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The following article appeared March 10, 2003 in the


"Businessman donates science gear to Pines school that lost shuttle experiment"

By Karla D. Shores
Education Writer
Posted March 10 2003

    In scientific terms, it's called magnetism. In middle school science class, it's a study of how students' passion to learn can draw national recognition and attention from state and local science buffs.

    When the space shuttle broke up in the atmosphere Feb. 1, Pembroke Pines Charter middle school students watched as they lost their crystal formation experiment aboard Columbia.

    After seeing the students' intense attraction to their experiment, a Boca Raton businessman began sending boxes of science equipment to the school, positioning it to have one of few middle-school classrooms to house what will become a state-of-the-art Science Center. A state-run technology group followed suit, offering to help maintain students' interest in science through funding and in-kind donations.

    Science teacher Barry Perlman is hesitant to glorify the school's new fortune, which will equal many college-level science labs when the center is completed next month. "You don't want to say it's a positive thing because of what happened," Perlman said.

    But the shuttle tragedy is what brought national television crews to Pembroke Pines Charter. Students from several elementary schools collaborated to send an experiment aboard Columbia, but Perlman said Pembroke Pines Charter was the only one to send up its own experiment individually. "We wouldn't have this science center without having done this project," he said.

    Boca Raton businessman Richard Newman, owner of High-Tech Productions, had planned a partnership with the school after learning the students sent up a crystal experiment on the shuttle. But after learning the students lost the experiment, he stepped up the process to start a science center. "I wanted to help them overcome the tragedy, move forward, and continue education and research in space exploration. It was really in the talking stages, and then the shuttle tragedy happened. It further inspired me to get this up and running."

    So far, the collection given to the charter school is worth $6,000, said Newman, who continues to ship items to the school. Now the eighth-graders watch every day as Perlman opens a new box of gifts and stores them behind locked doors.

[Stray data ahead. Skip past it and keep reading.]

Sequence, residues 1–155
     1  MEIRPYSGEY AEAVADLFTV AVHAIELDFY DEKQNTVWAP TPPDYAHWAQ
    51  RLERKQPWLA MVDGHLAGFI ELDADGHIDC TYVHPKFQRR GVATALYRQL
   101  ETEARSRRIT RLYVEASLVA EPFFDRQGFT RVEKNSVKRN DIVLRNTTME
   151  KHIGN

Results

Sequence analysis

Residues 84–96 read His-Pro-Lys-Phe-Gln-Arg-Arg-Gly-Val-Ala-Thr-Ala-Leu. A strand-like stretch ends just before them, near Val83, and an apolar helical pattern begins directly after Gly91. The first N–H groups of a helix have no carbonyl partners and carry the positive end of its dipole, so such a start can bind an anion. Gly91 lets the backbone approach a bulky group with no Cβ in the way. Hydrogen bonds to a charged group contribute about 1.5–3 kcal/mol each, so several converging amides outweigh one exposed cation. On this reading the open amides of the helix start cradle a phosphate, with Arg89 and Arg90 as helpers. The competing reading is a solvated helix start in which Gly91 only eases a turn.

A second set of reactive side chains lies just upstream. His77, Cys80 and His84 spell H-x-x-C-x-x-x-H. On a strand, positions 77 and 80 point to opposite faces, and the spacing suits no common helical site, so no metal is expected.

In April, Perlman and some of his students will display the equipment -- 10 Geiger counters, a fossil collection, geodes, computerized telescopes, a lightning detector and weather station -- in one of the school's classrooms, creating a semiprofessional science center.

    Seventh-grader Ryan Burney, who was the lead investigator for the crystal experiment, said he hopes the center will get more of his peers interested in science. "This will be a great benefit not only to science class in the school but to the overall interest in science in the school," said Burney, 13, who plans to pursue rocket science in college. "The fact that this man is giving something so expensive to the school out of generosity is very interesting."

    Perlman said he was astounded by the number of Geiger counters the school received. Schools are lucky to have one to share. This school will have enough to conduct a lab.

    Four other science teachers and the school's 600 students in grades six through eight will use the center extensively, Perlman said, because the school's focus has always been technology and science. The private sector isn't the only group reaching out to the school. The Technological Research and Development Authority, approved by the Legislature in 1987, also is interested in helping build the school's science center. Michelle Peters, education director for the authority, said the group is open to the needs of the school, including paying for projects and donating more materials for future science projects. "Our goal is to assist these students in whatever capacity we can to get their experiments up and running," Peters said. "We really just want to help the kids."

    Science teacher Juanita Farmer said the publicity and generosity from science lovers will help the school's science department enhance its curriculum, even as the Florida Comprehensive Assessment Test starts to focus more on physical science. "I hope it adds to the hands-on things we can do," Farmer said. "I don't think many schools can do this unless they have a great deal of funds because of the budget cuts. These things are going to help out the school tremendously."

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